Larchmont Food and Music Festival June 2nd 2019

Larchmont Westchester Food and Music Festival June 2nd 2019

Larchmont Food Festival

Larchmont Food Festival

Larchmont Food and Music Festival
 

Save the Date!
Sunday June 2nd 12pm to 5pm

Local prepared food and music!
Over at Larchmont's Kane Park (along Boston Post Rd bet. Beach and Kane Ave.) 

 

We are planning to have local prepared food vendors offering;

FarmEats grass fed beef sliders,

PTL tacos, Break Breads not Hearts rice bowls,

Larchmont Charcuterie,

Anna Maria's Italian food,

Apiary's fresh salads,

Espresso Cafeto's coffee/teas/juices,

Estelle Gourmet French bites,

Heimat liquors,

Marjan kebobs,

Plates BBQ,

The Snackery baked goods,

Villa Maria pizza,

and Walter's Hot Dogs! 

In addition we will have a whole lineup of local musicians who will be performing throughout the day!

Larchmont Sound Shore Music Festival at Larchmont Food Festival 2019

Larchmont Sound Shore Music Festival at Larchmont Food Festival 2019

FarmEats; BBQ Grass Fed Beef Pot Roast!

FarmEats; BBQ Grass Fed Beef Pot Roast!

FarmEats BBQ Grass Fed Beef Pot Roast

Who ever said you can't BBQ a grass fed beef pot roast?

The other day, I fired up my Big Green Egg smoker and put 2 FarmEats grass fed beef pot roasts on the rack (dry rubbed salt and peppa -left overnight).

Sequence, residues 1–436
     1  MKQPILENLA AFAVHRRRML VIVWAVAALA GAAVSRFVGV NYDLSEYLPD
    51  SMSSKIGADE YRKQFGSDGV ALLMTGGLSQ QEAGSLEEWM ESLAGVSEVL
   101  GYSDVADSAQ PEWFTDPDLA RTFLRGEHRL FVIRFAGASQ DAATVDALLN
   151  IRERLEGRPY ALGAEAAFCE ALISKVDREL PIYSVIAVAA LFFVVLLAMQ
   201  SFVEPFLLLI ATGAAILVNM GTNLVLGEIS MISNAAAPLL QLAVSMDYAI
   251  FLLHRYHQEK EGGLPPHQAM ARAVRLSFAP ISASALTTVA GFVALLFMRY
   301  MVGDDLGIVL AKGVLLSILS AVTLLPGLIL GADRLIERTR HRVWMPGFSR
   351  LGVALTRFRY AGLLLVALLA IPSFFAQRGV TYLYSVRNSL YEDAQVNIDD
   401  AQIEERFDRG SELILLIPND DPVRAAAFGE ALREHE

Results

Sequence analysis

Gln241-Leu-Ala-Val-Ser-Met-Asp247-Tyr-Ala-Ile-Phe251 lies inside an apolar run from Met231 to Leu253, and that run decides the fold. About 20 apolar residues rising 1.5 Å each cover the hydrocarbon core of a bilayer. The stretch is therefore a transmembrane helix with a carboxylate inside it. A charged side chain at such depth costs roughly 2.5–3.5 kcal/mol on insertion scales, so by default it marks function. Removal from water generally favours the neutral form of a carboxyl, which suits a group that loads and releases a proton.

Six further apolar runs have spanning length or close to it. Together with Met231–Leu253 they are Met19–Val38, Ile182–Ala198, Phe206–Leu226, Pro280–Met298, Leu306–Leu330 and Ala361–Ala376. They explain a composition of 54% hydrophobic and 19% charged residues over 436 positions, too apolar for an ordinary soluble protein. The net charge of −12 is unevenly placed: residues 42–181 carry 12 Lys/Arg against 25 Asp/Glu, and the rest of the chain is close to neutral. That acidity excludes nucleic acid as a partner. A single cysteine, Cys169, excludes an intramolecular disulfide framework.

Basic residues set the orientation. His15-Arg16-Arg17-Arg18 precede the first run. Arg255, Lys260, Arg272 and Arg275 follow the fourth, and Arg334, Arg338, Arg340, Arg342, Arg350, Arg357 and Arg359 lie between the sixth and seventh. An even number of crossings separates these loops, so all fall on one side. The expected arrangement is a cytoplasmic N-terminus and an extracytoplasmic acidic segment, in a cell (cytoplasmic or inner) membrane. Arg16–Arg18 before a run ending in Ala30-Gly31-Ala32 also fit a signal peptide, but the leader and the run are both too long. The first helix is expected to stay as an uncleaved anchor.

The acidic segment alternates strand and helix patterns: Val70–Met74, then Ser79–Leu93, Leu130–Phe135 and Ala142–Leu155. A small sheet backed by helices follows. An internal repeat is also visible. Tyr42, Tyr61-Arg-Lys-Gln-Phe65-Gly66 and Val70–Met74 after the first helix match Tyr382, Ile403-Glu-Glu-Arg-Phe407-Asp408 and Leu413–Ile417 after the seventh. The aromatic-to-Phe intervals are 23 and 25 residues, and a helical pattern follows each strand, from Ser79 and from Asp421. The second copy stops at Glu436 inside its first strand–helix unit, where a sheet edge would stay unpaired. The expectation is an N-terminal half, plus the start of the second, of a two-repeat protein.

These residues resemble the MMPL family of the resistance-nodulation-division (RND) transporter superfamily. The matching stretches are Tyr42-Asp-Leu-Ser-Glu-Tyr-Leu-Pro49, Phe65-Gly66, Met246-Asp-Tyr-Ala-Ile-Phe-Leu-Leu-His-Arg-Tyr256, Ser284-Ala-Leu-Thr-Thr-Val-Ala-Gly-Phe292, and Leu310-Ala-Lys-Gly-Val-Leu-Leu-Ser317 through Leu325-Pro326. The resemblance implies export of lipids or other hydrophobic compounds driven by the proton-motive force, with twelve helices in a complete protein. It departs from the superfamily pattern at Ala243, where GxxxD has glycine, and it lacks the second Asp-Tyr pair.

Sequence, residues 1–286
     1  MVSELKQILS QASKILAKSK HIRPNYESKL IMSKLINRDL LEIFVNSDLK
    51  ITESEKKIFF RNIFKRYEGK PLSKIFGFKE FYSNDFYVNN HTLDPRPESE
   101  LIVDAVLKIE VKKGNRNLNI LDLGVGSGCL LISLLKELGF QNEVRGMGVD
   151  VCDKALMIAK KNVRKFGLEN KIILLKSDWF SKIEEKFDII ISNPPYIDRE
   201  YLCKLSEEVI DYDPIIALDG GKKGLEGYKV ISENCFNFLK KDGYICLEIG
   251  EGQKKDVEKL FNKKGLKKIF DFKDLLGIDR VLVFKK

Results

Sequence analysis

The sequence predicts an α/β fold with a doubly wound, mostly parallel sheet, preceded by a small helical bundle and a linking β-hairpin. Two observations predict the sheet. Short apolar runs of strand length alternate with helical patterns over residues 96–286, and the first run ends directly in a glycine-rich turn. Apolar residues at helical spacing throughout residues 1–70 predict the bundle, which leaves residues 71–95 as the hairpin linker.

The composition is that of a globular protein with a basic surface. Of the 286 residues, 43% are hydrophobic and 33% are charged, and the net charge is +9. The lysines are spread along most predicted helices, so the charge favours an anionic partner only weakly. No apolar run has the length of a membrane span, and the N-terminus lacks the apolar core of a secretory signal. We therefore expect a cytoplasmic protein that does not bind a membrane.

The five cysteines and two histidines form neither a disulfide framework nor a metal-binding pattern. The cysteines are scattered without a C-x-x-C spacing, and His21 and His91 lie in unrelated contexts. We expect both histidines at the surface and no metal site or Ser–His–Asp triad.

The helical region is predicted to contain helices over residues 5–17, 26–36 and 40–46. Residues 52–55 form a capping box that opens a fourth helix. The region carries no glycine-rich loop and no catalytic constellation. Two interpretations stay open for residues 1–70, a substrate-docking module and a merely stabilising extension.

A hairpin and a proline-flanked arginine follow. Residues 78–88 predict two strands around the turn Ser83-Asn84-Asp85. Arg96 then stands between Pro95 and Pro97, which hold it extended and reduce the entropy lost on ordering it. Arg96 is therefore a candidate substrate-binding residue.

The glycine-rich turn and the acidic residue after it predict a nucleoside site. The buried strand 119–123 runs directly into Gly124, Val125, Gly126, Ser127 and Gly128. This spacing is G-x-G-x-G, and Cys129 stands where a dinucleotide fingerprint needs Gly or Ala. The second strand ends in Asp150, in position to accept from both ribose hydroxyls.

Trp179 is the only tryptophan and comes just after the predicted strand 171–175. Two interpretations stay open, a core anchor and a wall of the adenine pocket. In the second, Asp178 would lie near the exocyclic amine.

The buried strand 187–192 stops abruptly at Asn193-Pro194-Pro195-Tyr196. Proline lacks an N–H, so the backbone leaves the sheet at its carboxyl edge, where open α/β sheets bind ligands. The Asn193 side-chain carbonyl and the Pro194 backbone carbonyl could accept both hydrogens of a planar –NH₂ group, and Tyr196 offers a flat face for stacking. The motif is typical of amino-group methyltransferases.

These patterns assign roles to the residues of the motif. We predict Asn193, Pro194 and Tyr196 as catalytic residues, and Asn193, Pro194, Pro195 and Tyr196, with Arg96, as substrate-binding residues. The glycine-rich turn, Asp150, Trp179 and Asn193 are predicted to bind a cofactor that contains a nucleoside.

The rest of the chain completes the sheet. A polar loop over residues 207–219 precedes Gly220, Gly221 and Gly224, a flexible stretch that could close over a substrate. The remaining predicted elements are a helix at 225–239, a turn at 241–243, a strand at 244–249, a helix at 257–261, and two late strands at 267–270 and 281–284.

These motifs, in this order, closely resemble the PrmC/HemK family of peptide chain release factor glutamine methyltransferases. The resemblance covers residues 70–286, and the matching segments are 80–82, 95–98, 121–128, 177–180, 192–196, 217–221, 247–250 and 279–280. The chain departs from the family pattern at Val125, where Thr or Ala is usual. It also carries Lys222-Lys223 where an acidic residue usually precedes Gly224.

After the BGE hit 250 degrees, I adjusted the vents and let the smoke and warm air do the work for about 6 hours.  By then, the roast's internal temperature reached about 175, so I wrapped the roasts in aluminum foil, and poured in beef stock.  After another hour or so, the internal temperature hit 190s, so I pulled the roasts.  


I brought the pot roasts into the house, and cut them thin against the grain. 
They turned out so nice and soft, very tender- smoked beefy goodness! 

The left overs were even better!

FarmEats Wacky Weather Chili!

FarmEats Wacky Weather Chili!

FarmEats Grass Fed Beef Chili

FarmEats Wacky Weather Chili!

One day we get a Polar Vortex, next it feels like Spring! 
These sort of Wacky Weather days, call out for a nice rich and nourishing bowl of FarmEats Grass Fed Beef Chili! 
What I love about chili is that it is relatively easy to make, can use all sorts of different ingredients, and cooks slow and low to meld those different ingredients into a cohesive chili!  

The other day we got out our 9 quart Cuisinart Dutch Oven and sautéed 2 chopped onions and garlic in olive oil.  I added in dried spices; Mexican chili powder and smoked Spanish paprika and mixed them into the sautéed onions with some beef stock to bring out the flavors.  

The biggest issue with making chili at this time of year, is that we don't have any fresh- decent tomatoes (yeah next year I will jar up those summertime farmers market tomatoes).  I have tried all sorts of different tomato options -mealy gassed supermarket, vine ripened ones, jared tomato sauce, paste, San Marzano canned, etc., and have found that Pomi chopped tomatoes are the real deal.  It is a box of pure chopped tomatoes that taste as close as possible to summer.